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19
Sep

Psychiatrists still cling to fibromyalgia and chronic fatigue syndrome being purely psychological

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I was doing some searching online yesterday for new fibromyalgia and chronic fatigue syndrome (ME/CFS) articles for the site and stumbled across a few blogs and sites maintained by psychiatrists (I will not provide links as I am not one for personal attacks).

 These sites and blogs had pages dedicated to fibromyalgia and ME/CFS and I was disappointed (but not surprised) that these individuals and the speciality of psychiatry as a whole still dismiss an organic basis for these illnesses almost out of hand. If I were a cynic I might say it is almost like they are trying to hang on to patients who would be better served by other professionals and forms of treatment.

One psychiatrist writing on fibromyalgia seemed to have a fondness for pointing out there are NO (his emphasis) lab tests to diagnose the condition. He used this point to bolster his position that fibromyalgia may not even exist and that patients might actually be suffering from depression and should be treated by individuals from his profession with therapy and antidepressant medications.

 It is certainly true that there are currently no lab tests to diagnose fibromyalgia. This is a fact. On the other hand there is available a large body of research that when taken into consideration clearly indicates that fibromyalgia is an organic disease that, while having certain characteristics in common with depression, is almost certainly a distinct condition.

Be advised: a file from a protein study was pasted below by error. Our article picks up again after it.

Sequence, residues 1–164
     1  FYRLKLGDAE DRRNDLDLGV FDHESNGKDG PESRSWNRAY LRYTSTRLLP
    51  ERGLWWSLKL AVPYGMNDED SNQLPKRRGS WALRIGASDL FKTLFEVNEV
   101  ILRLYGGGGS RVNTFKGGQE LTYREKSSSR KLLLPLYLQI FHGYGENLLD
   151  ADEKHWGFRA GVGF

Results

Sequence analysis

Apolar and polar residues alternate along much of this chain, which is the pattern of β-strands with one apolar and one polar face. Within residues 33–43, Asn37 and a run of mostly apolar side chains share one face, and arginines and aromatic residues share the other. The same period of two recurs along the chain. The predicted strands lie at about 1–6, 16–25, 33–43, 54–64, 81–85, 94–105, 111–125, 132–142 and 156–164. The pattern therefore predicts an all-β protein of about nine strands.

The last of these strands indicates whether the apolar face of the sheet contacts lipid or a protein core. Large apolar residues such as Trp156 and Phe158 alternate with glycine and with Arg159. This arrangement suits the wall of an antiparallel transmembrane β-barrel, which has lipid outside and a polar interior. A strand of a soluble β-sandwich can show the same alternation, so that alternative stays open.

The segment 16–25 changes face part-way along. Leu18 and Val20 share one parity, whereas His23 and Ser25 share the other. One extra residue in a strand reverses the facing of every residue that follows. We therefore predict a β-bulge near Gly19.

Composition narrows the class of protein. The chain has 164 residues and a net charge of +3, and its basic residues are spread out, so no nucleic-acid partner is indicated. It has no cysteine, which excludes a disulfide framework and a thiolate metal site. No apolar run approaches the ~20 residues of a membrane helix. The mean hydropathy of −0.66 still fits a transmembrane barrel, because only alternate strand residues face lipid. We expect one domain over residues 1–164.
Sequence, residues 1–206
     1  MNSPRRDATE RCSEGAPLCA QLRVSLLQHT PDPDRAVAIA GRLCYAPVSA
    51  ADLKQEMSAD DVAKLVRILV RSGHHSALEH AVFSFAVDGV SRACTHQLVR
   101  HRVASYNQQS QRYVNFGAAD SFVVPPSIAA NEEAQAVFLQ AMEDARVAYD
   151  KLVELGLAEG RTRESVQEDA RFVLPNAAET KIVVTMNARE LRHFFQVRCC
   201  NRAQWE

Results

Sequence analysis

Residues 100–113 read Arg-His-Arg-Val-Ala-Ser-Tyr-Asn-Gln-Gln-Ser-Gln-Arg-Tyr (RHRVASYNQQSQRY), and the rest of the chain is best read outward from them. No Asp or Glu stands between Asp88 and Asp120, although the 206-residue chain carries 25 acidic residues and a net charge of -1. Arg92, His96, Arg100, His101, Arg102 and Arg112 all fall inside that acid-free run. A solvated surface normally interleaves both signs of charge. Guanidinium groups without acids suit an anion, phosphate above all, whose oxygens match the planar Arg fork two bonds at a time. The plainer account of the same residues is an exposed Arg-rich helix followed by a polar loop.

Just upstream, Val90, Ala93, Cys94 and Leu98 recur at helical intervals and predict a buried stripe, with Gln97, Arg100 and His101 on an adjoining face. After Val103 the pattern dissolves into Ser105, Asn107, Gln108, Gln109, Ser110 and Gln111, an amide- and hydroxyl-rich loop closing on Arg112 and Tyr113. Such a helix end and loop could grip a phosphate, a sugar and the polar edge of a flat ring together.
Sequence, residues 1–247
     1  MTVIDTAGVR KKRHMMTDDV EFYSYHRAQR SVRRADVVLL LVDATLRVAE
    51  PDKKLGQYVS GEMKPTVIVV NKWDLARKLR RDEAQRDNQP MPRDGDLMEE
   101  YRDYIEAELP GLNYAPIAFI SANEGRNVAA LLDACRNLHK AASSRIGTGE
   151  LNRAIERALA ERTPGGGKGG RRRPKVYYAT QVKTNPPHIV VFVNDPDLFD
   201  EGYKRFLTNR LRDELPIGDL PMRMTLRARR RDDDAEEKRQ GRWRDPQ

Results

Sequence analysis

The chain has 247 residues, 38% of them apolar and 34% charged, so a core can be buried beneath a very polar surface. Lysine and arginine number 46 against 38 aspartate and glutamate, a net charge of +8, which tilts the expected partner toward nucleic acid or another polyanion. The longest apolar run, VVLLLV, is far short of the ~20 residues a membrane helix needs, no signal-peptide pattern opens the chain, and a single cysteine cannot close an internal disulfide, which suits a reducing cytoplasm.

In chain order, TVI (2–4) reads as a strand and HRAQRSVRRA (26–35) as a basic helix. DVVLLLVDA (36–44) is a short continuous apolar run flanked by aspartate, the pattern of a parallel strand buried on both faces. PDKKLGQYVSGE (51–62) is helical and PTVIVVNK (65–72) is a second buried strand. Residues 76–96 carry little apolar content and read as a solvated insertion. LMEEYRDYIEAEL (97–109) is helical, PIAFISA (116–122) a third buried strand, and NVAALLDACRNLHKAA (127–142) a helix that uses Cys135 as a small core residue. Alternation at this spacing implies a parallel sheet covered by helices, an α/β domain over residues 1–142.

It has become clear that in fibromyalgia there is 'central sensitization' of the nervous system so that nerve cells in the entire body become overexcitable. The differences are clear between fibromyalgia patients, healthy individuals, and importantly, patients geniunely suffering solely from depression and other psychiatric disorders. According to Dr. Rodger Murphree , a doctor who aims to treat the underlying causes of fibromyalgia, current knowledge tells us that "Fibromyalgia patients have a reduction in their pain threshold (allodynia), an increased response to painful stimuli (hyperalgesia) and an increase in the duration of pain after nociceptor stimulation (persistent pain)."

Studies have shown that those with fibromyalgia have levels of a chemical called nerve growth factor (NGF) that are four times higher than normal. This increased NGF results in an increase in levels of another chemical called substance P. It is substance P that increases the sensitivity of nerves to stimuli which heightens patients' awareness of pain. Interestingly recent research has also shown that this heightened sensitivity in fibromyalgia isn't restricted to the sense of touch but that patients are also hypersensitive to noise and it is likely this extends to all senses.

It is very common for fibromyalgia and ME/CFS patients to complain of being sensitive to bright light and noise and that these exacerbate symptoms. This is not something that is associated with depression.

These psychiatrist authored websites also like to point out that those doctors that disagree with their position on fibromyalgia are making good money out of treating patients. On this point I would say this; if you are a fibromyalgia patient who has had little or no relief from the therapy and antidepressants you've been offered wouldn't it be natural to seek out the relatively few doctors who see the condition for what it is and offer more meaningful treatment. It's no wonder those few doctors who treat fibromyalgia as the physical illness it is have long waiting lists and make good money when the treatment on offer elsewhere is so inadequate.